Oregon State Park Fights Non-Native Garlic Mustard
Tucked behind a Valley of the Rogue State Park campground in southwest Oregon lie scattered patches of a nasty invader that’s threatening to turn parts of the Rogue River’s riparian areas into native plant wastelands.
Non-native garlic mustard first discovered in a small patch here five years ago continues to spread its poisonous roots along the Rogue, joining Himalayan blackberries as non-native threats to native vegetation lining the Rogue, the Medford Mail Tribune reported.
“They seem to be partners in crime,” says Sam Whitridge, coordinator of the Rogue Basin Coordinating Council (RBCC) waging war this spring on garlic mustard.
The RBCC organized volunteer garlic mustard pulls on April 21 at Valley of the Rogue and again at the park May 19.
The group also is hosting a two-hour training beginning 9 a.m. May 5 at Valley of the Rogue to teach as many volunteers as possible how to identify, survey and report garlic mustard patches for removal.
Early detection and removal are considered the easiest, least-damaging and most cost-effective way to keep the Rogue Valley from joining moist woodlands from the Atlantic to the Mississippi that are overrun by this most obnoxious of noxious weeds.
Participants will see exactly what the little, white four-pedaled flowers on the long, green stems look like just in time to start surveying for the weed, which blooms for up to a month in spring and summer but its seeds can live and scatter for years.
The council plans to send fliers to nearby landowners asking them to keep their eyes peeled for the plant.
Getting as many volunteers as possible to survey these areas will provide the foundation for a garlic mustard control plan for southwestern Oregon, Whitridge says.
“We’re trying to get as many pairs of eyes looking for us as possible,” Whitridge says.
The RBCC has a $25,000 grant from the Oregon State Weed Board to fund detection, garlic mustard removal — either manually or with herbicides — and other work through June 30.
Garlic mustard was imported in the 1860s to the Eastern United States from England, where it was used as a medicinal herb.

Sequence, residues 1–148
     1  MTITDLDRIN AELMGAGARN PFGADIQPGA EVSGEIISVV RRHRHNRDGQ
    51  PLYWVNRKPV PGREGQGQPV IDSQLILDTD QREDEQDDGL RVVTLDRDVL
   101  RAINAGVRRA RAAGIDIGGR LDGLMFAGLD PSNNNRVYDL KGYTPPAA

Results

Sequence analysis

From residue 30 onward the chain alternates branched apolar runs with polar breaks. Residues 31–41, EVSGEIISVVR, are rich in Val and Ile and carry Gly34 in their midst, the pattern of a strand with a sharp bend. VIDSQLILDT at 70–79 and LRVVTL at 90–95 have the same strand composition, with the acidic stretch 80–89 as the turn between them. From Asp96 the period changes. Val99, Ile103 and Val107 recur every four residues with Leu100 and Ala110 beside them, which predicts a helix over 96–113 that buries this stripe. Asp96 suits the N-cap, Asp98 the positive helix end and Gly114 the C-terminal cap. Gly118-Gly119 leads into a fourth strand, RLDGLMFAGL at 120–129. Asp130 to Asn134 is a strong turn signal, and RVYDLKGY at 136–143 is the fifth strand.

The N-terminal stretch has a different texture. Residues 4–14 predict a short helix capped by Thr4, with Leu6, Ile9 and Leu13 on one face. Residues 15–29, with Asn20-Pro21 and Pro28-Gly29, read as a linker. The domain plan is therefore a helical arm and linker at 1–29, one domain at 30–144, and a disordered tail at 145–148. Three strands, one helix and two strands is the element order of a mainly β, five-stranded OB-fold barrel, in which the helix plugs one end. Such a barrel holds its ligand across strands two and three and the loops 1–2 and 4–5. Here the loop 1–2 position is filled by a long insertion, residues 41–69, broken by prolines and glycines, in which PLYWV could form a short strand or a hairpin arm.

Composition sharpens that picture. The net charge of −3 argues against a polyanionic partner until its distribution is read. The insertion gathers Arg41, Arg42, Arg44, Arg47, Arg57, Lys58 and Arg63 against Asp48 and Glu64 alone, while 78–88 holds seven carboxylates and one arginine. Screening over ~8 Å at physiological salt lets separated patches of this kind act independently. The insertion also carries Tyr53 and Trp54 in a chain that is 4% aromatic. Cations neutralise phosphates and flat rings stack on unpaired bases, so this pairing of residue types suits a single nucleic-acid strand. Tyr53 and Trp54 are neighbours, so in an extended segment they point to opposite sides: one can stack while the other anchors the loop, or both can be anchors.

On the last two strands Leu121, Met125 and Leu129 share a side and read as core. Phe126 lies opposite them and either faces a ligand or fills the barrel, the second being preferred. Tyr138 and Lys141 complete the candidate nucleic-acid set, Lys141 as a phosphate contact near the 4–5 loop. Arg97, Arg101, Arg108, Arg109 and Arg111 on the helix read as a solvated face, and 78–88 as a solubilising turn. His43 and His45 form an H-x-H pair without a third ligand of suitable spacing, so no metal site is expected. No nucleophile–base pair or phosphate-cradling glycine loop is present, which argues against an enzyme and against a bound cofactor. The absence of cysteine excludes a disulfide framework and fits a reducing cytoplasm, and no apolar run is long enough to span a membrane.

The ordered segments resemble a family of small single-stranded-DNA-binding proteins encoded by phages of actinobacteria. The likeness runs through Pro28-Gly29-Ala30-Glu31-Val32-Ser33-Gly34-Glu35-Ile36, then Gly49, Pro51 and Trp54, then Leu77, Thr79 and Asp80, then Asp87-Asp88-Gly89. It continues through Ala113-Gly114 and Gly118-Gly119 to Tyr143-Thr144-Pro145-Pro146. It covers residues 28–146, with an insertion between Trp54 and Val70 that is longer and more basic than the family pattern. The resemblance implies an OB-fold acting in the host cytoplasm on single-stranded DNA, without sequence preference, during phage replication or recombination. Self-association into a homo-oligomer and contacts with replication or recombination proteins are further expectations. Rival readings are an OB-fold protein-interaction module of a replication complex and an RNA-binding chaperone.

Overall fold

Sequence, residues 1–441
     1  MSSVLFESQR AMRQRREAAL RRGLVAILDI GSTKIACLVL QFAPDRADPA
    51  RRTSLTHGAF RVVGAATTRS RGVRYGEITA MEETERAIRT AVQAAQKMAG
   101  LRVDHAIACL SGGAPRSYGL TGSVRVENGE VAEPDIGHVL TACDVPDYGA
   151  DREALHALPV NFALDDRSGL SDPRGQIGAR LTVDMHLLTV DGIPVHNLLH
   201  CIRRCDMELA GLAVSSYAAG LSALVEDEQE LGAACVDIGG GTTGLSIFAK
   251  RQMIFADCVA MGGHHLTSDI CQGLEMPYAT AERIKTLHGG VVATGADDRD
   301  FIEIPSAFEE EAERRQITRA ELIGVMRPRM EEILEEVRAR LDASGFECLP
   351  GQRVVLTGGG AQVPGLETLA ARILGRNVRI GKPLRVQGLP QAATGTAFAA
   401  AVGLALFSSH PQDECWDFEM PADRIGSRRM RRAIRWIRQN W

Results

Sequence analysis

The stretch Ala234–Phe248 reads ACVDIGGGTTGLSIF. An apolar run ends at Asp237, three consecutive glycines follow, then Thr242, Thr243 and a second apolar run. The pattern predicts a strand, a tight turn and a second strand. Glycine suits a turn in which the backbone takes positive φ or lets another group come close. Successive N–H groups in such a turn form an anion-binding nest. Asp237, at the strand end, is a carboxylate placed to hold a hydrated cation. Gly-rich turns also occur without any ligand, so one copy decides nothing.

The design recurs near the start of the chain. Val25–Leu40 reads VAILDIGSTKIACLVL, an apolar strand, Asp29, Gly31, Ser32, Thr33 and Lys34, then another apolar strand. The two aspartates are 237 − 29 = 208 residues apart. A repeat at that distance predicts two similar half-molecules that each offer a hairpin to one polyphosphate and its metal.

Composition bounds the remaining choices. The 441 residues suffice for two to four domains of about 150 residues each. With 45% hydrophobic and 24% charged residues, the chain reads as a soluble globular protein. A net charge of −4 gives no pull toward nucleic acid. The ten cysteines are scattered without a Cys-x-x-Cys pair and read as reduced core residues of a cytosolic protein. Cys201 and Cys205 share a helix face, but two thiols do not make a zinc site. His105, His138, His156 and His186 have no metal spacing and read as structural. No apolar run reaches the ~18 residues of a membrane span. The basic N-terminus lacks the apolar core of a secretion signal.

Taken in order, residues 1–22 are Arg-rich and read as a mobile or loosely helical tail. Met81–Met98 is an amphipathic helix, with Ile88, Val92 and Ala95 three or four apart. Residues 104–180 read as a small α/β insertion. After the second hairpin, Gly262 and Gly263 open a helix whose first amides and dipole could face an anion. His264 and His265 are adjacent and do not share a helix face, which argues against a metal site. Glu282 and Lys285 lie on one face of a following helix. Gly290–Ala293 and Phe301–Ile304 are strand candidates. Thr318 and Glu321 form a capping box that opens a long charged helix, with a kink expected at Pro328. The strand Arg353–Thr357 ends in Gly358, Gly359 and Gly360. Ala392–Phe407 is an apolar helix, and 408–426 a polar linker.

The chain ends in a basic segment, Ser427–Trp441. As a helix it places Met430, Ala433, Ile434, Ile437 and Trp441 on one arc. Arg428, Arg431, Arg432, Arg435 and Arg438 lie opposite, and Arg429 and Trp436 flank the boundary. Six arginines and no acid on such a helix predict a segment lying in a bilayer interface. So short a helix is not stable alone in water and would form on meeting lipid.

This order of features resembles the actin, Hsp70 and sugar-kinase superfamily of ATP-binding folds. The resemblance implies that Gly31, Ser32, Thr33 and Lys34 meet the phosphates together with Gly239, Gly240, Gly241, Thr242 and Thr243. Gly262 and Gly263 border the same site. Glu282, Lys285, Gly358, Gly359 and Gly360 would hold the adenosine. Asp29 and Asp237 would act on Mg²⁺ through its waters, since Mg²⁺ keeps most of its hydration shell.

Safe from natural predators, it spreads quickly amid riparian woodlands and is one of the few plants that can thrive beneath Himalayan blackberries.
The plant first showed up in the Columbia River basin in the 1950s, and it has been listed in Oregon as a noxious weed since 2006.
The seeds can live for five years, and are transported by several modes, including air, flowing water, shoe soles and amid dog fur.
“That’s why it’s all over the place here,” says Whitridge as he strolls through Valley of the Rogue’s campgrounds. “This place is Dog Central.”
And the plant is cunning. It secretes poison into the soil that kills surrounding native plants, thus giving it more room for expansion.
“It’s devious,” Whitridge says.
Foragers such as deer and elk avoid the plant, so there is nothing to keep its numbers in check.
In its first year, the plant is a relatively innocuous basal rosette with kidney-shaped leaves that can thrive unnoticed by landowners not in tune to its seedy side.
In its second year, the plant blooms and produces about 5,000 seeds.
The effort now is to find and destroy as many of the 2-year-old plants as possible, with May being a hot time for garlic mustard blooms.
So far, the plant has been found in 25 sites covering about 55 acres from Kelly Slough down to the Hog Creek Boat Ramp, a span of about 40 river miles.
“It seems to be prevalent at these recreational use areas where people travel in and out,” Whitridge says.
Valley of the Rogue is considering putting a boot-washing and dog-washing station to curb the spread of seeds.
“We’re trying to engage the public as much as possible,” he says.